I said there was this Psychologist who asked one of the American Astronauts what he was thinking about as he strapped himself to his spacecraft on the rocket which was to hurl him into space. To this the Astronaut replies “ All I keep thinking is that everything that makes this thing go up was supplied by the lowest bidder”!

I guess I had hit the Bulls eye when the discussion took a more positive turn and the official lightened up enough to say that would look into the matter and proceeded to give me two ways out of the tangle.

April 20, 2010


I try to echo some contemporary thoughts through this Blog, however at times it can be an echo of an echo that is worth echoing. Take for instance a quote I came across recently, this famous quote by lord Samuel says 'The answer to our prayer may be the echo of our resolve'. This profound thought reminded me of Dr Smiley Blanton , a well known psychiatrist and psychoanalyst , who many believe was the real inspiration behind Norman Vincent Peale, had written a paper on how a person can tap into the tremendous reservoir of power locked within oneself.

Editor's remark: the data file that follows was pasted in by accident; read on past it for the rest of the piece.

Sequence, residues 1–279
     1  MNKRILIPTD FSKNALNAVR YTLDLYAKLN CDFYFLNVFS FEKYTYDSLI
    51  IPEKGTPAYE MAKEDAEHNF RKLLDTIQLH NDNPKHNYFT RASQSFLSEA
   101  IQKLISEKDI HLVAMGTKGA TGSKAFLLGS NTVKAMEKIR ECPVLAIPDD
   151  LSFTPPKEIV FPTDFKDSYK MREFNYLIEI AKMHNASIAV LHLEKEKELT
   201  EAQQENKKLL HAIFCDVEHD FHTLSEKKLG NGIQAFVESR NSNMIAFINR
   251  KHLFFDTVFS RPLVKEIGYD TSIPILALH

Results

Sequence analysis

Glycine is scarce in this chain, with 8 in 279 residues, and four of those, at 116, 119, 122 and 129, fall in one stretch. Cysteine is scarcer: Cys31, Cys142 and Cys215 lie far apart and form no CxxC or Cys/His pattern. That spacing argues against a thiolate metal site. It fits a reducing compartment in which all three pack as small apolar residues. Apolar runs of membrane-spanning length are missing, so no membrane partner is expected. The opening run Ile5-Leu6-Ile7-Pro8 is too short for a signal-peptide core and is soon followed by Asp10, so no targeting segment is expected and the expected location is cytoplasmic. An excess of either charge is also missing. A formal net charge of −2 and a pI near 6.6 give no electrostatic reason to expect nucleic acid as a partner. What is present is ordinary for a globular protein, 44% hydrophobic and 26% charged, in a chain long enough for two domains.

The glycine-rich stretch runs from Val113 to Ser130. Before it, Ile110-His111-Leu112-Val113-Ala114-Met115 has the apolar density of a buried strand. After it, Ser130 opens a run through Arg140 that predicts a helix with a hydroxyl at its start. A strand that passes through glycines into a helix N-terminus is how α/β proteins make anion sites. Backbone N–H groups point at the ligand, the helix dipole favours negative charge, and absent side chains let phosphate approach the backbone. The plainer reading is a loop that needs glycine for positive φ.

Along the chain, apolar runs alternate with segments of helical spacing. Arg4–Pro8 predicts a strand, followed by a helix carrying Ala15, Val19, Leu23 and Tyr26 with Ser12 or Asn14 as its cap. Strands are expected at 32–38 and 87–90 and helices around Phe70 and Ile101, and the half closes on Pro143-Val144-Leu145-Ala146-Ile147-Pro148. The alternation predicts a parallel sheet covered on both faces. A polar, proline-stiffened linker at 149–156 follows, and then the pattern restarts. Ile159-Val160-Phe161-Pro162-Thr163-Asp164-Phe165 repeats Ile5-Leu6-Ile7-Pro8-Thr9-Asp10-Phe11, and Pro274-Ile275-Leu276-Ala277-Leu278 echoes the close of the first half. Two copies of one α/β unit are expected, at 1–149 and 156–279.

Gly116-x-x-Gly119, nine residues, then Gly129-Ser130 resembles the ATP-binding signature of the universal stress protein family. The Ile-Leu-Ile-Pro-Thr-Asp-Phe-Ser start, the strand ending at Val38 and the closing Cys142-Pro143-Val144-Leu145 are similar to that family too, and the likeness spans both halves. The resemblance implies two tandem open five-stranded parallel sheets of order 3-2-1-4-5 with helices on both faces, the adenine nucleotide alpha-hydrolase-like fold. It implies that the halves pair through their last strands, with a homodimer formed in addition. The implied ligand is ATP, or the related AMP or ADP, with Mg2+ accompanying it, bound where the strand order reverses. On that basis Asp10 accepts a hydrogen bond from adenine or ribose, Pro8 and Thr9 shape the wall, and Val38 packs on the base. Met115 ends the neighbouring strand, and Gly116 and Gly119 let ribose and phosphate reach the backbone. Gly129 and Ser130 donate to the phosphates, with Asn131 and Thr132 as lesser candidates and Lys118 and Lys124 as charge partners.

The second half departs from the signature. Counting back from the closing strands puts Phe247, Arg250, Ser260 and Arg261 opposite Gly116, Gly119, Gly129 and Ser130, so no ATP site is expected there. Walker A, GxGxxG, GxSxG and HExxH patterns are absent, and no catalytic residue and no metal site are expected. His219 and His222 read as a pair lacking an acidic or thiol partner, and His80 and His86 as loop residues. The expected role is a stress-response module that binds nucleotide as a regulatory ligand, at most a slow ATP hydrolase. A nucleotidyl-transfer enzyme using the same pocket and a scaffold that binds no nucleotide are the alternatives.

As a matter of habit & attitude Dr.Blanton says ‘ First trust and believe in the hidden power within you’. He further goes on to explain; A psychiatrist might say 'Have faith in your unconscious'. A clergyman might say 'Have faith in God'. Personally I see no conflict between the two ideas. Indeed they may well be the same idea expressed differently. After all it was the founder of Christianity who said ' the kingdom of God is within you'.

I could see the quote of Lord Samuel resonating well with that of Dr Smiley Blanton.